Most of us believe our companies have adequate “web presence”, considering the time and money we spend. We have a web site — maybe it’s not on a level with the big consumer companies, but it tells visitors all they need to know about our company and our products/services, and it’s user-friendly. We regularly send out e-mails, to continually keep our name in front of potential (and existing) customers. We also have LinkedInTM and FacebookTM pages where we invite not just commentary, but participation and engagement.
Why does that 5-step plan look familiar? It’s the “Plan-Do-Check-Act” (PDCA) cycle! It’s how companies ensure product quality, continual improvement, and customers who are more than satisfied — they’re actually advocates!
Ask yourself, “Are we doing that?” Do we have a plan, or did we just throw something out there so we could say, “We have a web presence”?
Without a clear, comprehensive plan, your web presence can do you more harm than good. If you’re lucky, prospects and customers contact you about broken links, inconsistencies, and the occasional link to a product you discontinued months or years ago. In reality, most of your target market just “walks away” and never comes back.
The best advice I can give you is to establish a process of developing, implementing, and maintaining your company’s web presence before you build a single page online or send out a single e-mail. To do that, you need to understand:
If you haven’t had a program for managing your web presence up to now — not a problem! There’s no reason to believe that because you’ve been working without one, you can’t implement one at any time. It may seem difficult at first, but the reward is unquestionably well worth the effort.
Take a few steps back and reevaluate your situation from a user’s perspective. If you have a particularly trustworthy customer, one you can count on to give you an unvarnished (but not a brutal) opinion, ask for their input. Find out whether they’re getting what they want from your web page and your social media. Find out if their objectives align with yours, and vice versa.
Refresh – reinvigorate – your web presence a little bit at a time. You don’t need to get everything done in a day or even a month or two. Work on the “low-hanging fruit” first, then move on to areas where your weaknesses aren’t so problematic.
Also keep in mind that lot of what you can do to help is free. Depending on your goals and requirements, some of these tools may require some knowledge of HTML but, for the most part, they do their jobs quite well.
Google Docs is Google’s free web-based office application suite. It lets you create, use, and share documents, spreadsheets, presentations, and forms (for surveys and data collections).
AVG offers a range of anti-virus and internet security software tools and compares favorably with other highly regarded players, like McAfee and Symantec. AVG’s free version is for individual users, which means you can’t technically use it for your business; see AVG’s web site for terms and other details.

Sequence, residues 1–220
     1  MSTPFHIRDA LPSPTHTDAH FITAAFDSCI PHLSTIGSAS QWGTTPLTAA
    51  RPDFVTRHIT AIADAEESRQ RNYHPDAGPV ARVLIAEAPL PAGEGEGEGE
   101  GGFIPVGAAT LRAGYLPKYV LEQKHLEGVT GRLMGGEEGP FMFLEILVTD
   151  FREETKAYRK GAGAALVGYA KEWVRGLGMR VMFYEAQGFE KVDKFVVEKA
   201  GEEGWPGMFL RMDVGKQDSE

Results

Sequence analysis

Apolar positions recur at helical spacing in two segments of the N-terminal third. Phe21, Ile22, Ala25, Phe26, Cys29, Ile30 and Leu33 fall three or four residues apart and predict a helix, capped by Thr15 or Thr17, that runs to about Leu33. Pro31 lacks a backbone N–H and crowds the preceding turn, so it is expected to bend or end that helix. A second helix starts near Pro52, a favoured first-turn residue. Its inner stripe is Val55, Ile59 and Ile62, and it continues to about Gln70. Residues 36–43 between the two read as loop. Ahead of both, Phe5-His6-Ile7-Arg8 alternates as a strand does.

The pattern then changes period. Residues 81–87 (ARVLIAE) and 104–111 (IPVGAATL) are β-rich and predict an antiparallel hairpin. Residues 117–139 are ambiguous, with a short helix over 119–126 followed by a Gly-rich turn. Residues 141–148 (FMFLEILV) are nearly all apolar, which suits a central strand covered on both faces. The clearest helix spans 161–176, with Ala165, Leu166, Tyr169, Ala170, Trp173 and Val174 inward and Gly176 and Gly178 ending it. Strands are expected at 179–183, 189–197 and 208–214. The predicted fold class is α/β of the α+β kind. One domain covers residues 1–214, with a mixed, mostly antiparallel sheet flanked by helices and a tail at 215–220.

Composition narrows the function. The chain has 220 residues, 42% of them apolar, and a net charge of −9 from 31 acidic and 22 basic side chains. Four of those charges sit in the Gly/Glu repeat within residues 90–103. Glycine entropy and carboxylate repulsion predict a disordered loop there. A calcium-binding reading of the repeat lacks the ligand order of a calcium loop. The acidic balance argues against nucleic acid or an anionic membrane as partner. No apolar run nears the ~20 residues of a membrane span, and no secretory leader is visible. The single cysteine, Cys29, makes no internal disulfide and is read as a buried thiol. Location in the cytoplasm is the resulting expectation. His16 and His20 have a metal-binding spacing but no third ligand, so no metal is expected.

You’ve identified potential customers for your business. You also have a number of organizations that you’re doing – or have done – business with. If you need to get in touch with your customers and prospects and track how well your emails are performing, you’ll need email blasting software. Mailchimp does that – and more. An account with up to 500 email addresses is free.
Social media — in particular, blogging — is the rage not only for individuals, but also for businesses. If you want to blog without going through the hassles of installing software on your own website, go to http://www.wordpress.com. However, if you want to take full charge of the blogging process and make it part of your own website, WordPress, the open source and free blogging tool, is your best friend.
Online email that you can access anywhere, at any time — that’s Gmail. You can’t go wrong with Yahoo! Mail and Hotmail, either, but I like Gmail, primarily because I have a Google account and I’m using it all day, every day. And, as long as I’m logged into Google, it just makes sense for me to use Gmail. Another Gmail plus, in my estimation — the filter setting and labeling features of Gmail are very intuitive and easy to use.
For those of you drowning in the flood of emails in your inbox, Xobni works wonders. It not only indexes your emails for really quick searching — it also shows the “conversations” you’ve had with the sender of any email, let’s you view their Facebook or LinkedIn profiles (based on their email addresses), and shows interesting and potentially useful tidbits, like who you respond fastest to, or who sends you the most emails.
Need something that pretty much does everyting that Microsoft Office does, only for free? Well, then check out OpenOffice – your new best friend (but don’t tell WordPress). This Open Source office productivity suite has robust word processing, spreadsheet, database, and presentation tools, without the enormous overhead of MS-Office. It has built-in Adobe PDF file export capability, too.
FeedBurner is another Google offering — one that makes managing and distributing RSS feeds a breeze! FeedBurner is invaluable for promoting your blogs and podcasts. It lets you see how many people subscribe to your feeds and it has a feature that updates readers via email each time you update your company blog.
A very powerful Open Source content management system (CMS), Joomla! lets you build websites and web applications. It’s designed to help organizations of all sizes, whether they’re building a website, a news portal, or an e-commerce site.
Bizmanualz provides some of the best written — and most complete — policies and procedures manuals, handbooks, and documents. And, we provide free sample procedures from every one of our 12 manuals! If you’re looking to write new – or enhance your existing – policies and procedures, you’ll love what we have to offer.